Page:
Alexander Selkirk Inspired More than a Novel

May 03, 2010
Alexander Selkirk Inspired More than a Novel

In this day, February 2, 1709, a ship picked up a British sailor from the Chilean island of Juan Fernandez where he had been marooned for five years. It was Alexander Selkirk's own fault he had been abandoned there; he had demanded to be let off his ship after a quarrel with his Captain, the privateer, William Dampier. As strange as it may seem, the hotheaded sailor is relevant both to world literature and Christian history.

He told his story to Richard Steel, who printed it. Selkirk had built two huts, made clothes from goat skins, and tamed cats to keep down the rats that otherwise gnawed his feet and clothes while he slept. His reading consisted of a Bible and math books. When his knife wore out, he made a new blade by rubbing an iron barrel hoop against stone.

Daniel Defoe, a Presbyterian businessman and political writer found Selkirk's tale fascinating. Defoe had experienced his own share of adventure. Once Algerian pirates held him captive. Combining Selkirk's story with his own, he wrote the world's first true narrative novel, Robinson Crusoe. The book has an unusual ring of truth because of its realistic details and the hero's spiritual awakening. "...I took up the Bible, and began to read; but my head was too much disturbed with the tobacco to bear reading, at least at that time. Only having opened the book casually, the first words that occurred to me were these: 'Call on me in the day of trouble, and I will deliver thee, and thou shalt glorify me.' The words were very apt to my case, and made some impression upon my thoughts at the time of reading them...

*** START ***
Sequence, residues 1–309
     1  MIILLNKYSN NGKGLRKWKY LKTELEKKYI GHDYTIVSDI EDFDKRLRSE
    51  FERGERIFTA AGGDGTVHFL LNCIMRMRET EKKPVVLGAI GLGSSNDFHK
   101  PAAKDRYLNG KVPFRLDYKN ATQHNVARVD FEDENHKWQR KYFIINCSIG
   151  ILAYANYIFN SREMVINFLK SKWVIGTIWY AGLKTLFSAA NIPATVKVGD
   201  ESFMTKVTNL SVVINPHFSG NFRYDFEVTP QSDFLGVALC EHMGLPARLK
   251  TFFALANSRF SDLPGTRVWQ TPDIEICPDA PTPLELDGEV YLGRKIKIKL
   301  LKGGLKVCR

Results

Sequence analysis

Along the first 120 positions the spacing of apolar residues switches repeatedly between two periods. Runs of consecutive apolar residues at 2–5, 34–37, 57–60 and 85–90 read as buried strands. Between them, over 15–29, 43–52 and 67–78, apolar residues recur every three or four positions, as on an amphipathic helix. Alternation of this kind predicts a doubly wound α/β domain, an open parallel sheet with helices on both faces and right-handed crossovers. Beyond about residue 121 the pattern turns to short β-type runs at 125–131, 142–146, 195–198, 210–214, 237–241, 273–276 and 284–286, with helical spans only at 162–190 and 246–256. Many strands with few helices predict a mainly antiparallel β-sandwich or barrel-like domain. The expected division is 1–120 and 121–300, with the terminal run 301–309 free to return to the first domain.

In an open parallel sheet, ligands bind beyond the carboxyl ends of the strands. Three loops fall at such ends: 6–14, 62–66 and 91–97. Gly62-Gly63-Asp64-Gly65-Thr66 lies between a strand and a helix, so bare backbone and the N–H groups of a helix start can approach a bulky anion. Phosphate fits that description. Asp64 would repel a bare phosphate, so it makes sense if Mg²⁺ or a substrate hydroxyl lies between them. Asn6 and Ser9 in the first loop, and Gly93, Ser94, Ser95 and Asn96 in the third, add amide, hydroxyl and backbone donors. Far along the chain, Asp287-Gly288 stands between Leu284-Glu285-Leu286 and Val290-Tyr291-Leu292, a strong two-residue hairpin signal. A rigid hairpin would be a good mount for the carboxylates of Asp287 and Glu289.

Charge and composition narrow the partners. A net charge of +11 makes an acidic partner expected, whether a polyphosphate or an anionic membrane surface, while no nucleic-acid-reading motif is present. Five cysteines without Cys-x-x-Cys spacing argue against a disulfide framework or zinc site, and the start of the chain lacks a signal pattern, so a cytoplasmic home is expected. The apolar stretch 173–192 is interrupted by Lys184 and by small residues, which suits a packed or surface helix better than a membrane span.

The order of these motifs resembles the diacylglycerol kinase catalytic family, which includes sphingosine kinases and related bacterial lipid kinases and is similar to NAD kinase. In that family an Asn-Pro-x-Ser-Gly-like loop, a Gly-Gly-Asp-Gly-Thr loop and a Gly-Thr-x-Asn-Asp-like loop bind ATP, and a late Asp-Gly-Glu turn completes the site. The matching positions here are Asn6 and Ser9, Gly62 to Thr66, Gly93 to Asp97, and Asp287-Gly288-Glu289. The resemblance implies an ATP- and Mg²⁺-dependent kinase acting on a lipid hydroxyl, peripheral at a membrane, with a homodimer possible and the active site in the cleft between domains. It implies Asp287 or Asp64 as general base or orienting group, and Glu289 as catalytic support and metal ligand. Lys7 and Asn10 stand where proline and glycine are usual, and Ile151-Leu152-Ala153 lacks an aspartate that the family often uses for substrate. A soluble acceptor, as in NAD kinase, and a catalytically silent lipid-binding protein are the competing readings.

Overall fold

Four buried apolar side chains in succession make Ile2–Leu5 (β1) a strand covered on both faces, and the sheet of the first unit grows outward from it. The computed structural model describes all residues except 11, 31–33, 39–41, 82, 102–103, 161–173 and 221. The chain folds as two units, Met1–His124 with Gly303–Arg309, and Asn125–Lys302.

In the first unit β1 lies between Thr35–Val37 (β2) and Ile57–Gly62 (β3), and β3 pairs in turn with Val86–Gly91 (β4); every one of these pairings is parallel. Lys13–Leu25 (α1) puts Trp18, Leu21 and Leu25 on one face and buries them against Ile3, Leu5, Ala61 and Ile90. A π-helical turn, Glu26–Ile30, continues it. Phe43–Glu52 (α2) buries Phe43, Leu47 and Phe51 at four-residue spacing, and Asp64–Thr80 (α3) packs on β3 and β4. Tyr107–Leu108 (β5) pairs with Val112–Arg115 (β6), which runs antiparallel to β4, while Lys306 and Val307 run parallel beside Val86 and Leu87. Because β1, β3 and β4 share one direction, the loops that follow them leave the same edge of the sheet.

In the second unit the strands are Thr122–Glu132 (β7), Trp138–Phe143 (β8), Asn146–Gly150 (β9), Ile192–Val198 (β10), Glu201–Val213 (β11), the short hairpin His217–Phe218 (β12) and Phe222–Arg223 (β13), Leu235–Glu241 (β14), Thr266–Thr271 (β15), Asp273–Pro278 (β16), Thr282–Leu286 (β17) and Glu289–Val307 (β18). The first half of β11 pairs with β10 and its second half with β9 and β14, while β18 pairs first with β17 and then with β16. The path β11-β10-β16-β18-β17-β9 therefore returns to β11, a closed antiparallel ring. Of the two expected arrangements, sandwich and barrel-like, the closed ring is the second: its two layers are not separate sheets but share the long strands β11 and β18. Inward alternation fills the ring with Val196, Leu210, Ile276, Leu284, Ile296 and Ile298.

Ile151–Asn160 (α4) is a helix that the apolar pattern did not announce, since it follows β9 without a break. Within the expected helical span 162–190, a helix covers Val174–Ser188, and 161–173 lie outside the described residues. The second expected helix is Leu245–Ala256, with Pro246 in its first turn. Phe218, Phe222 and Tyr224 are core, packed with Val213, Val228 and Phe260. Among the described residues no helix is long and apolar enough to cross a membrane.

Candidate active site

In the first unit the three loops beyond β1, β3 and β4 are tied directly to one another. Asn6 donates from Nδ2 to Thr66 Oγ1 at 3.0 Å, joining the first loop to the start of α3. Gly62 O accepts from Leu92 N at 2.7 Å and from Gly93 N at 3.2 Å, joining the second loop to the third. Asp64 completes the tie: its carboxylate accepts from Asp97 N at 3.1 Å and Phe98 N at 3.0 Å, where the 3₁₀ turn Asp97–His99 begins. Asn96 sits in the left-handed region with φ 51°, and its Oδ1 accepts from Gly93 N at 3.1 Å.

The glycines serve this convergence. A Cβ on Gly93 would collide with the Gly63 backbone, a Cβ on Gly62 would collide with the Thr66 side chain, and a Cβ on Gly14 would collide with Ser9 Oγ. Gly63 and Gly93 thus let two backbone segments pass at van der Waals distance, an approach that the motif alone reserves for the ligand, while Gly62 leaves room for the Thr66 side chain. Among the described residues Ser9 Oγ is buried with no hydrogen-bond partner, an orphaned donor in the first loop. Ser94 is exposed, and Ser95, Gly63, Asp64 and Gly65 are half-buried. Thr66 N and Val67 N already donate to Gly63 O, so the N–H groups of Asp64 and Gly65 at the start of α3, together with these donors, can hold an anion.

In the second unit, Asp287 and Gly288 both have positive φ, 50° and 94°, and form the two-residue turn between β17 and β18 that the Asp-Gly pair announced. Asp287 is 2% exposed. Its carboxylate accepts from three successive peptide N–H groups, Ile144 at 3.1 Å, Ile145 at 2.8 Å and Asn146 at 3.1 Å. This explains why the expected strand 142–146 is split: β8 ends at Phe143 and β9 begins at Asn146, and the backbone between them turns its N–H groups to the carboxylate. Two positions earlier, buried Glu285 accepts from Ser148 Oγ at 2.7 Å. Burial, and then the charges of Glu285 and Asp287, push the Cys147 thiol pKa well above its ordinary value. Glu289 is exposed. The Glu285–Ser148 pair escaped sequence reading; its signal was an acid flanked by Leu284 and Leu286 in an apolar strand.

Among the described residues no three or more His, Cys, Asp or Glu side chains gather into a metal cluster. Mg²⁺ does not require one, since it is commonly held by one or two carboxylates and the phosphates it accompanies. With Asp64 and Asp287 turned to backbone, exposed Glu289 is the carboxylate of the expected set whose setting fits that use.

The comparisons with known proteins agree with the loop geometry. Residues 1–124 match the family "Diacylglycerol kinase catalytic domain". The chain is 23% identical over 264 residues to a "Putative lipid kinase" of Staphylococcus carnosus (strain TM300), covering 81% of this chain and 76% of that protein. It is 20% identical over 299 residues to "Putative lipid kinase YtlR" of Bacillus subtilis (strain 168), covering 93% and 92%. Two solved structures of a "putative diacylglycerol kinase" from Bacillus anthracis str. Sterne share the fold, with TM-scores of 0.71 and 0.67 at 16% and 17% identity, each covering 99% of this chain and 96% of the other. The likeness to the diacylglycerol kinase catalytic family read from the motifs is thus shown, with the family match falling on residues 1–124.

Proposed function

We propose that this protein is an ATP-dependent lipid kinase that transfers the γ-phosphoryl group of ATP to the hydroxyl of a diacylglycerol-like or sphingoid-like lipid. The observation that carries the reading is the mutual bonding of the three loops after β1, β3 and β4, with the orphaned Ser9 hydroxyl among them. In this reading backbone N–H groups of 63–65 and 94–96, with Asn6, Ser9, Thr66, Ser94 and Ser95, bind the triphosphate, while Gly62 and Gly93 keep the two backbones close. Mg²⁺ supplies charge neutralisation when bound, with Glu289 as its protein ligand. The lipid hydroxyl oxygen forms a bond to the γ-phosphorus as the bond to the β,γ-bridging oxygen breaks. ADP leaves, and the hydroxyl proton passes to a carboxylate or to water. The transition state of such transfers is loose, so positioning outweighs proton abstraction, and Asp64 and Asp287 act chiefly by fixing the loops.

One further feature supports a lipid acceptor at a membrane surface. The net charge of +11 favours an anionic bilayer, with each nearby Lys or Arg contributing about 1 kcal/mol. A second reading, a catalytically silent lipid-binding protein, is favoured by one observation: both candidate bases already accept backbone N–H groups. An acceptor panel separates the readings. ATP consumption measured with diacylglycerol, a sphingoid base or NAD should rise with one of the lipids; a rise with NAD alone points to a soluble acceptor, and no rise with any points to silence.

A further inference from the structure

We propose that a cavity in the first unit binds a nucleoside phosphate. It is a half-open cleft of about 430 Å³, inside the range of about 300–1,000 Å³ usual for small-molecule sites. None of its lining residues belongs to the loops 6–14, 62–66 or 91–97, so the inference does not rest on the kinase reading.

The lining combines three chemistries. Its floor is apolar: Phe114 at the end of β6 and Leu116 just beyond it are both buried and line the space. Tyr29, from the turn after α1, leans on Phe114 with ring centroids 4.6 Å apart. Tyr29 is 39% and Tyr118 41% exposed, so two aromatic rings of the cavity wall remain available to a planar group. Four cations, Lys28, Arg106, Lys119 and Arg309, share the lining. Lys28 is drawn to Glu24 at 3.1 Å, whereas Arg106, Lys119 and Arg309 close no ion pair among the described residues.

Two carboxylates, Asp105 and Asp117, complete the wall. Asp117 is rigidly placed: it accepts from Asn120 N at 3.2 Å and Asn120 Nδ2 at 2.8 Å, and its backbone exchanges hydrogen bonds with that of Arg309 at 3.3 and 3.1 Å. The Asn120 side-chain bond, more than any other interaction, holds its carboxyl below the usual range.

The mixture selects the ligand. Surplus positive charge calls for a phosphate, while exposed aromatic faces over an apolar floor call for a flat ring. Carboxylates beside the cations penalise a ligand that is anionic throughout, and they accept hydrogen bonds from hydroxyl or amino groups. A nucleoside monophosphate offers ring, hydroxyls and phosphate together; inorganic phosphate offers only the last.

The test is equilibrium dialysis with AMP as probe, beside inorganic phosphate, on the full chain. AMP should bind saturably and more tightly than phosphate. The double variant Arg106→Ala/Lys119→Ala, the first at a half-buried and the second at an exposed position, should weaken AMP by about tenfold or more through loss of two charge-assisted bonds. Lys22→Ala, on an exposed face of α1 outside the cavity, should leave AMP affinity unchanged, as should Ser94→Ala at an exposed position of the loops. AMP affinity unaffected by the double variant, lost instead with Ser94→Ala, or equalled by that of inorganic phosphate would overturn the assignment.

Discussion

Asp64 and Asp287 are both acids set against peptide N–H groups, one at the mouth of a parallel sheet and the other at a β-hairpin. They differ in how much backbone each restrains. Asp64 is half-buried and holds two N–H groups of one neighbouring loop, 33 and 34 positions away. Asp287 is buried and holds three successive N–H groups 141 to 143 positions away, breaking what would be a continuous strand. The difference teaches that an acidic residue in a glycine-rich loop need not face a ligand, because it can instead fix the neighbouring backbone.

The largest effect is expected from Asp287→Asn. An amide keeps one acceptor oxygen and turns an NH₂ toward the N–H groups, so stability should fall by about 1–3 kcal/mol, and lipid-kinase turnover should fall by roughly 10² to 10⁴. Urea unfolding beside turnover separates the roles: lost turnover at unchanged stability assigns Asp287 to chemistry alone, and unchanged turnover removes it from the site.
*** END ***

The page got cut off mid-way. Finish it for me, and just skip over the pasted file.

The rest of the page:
"July 4. In the morning I took the Bible; and, beginning at the New Testament, I began seriously to read it... It was not long after I set seriously to this work, but I found my heart more deeply and sincerely affected with the wickedness of my past life.

"Now I began to construe the words mentioned above, 'Call on me, and I will deliver thee,' in a different sense from what I had ever done before; for then I had no notion of anything being called deliverance, but my being delivered from the [island]... Now I looked back upon my past life with such horror, and my sins appeared so dreadful, that my soul sought nothing of God but deliverance from the load of guilt that bore down all my comfort... And I add this part here, to hint to whoever shall read it, that whenever they come to a true sense of things they will find deliverance from sin a much greater blessing than deliverance from affliction."

Who knows how many people have been helped by Defoe's Christian novel? It was through reading Robinson Crusoe that a pagan Japanese boy, Neesima Shimeta learned to pray.


  1. Defoe, Daniel. Robinson Crusoe. Various editions available.
  2. "Defoe, Daniel." Webster's New World Companion to English and American Literature. Edited by Arthur Pollard. New York: Popular Library, 1976.
  3. Sampson, George. The Concise Cambridge History of English Literature. Cambridge: Cambridge University Press, 1961, especially chapter IX, "From Steel and Addison to Pope and Swift."
  4. Sutherland, James. Defoe. Philadelphia and New York: J. B. Lippincott, 1938.
  5. Various encyclopedia and internet articles.

Last updated May, 2007.


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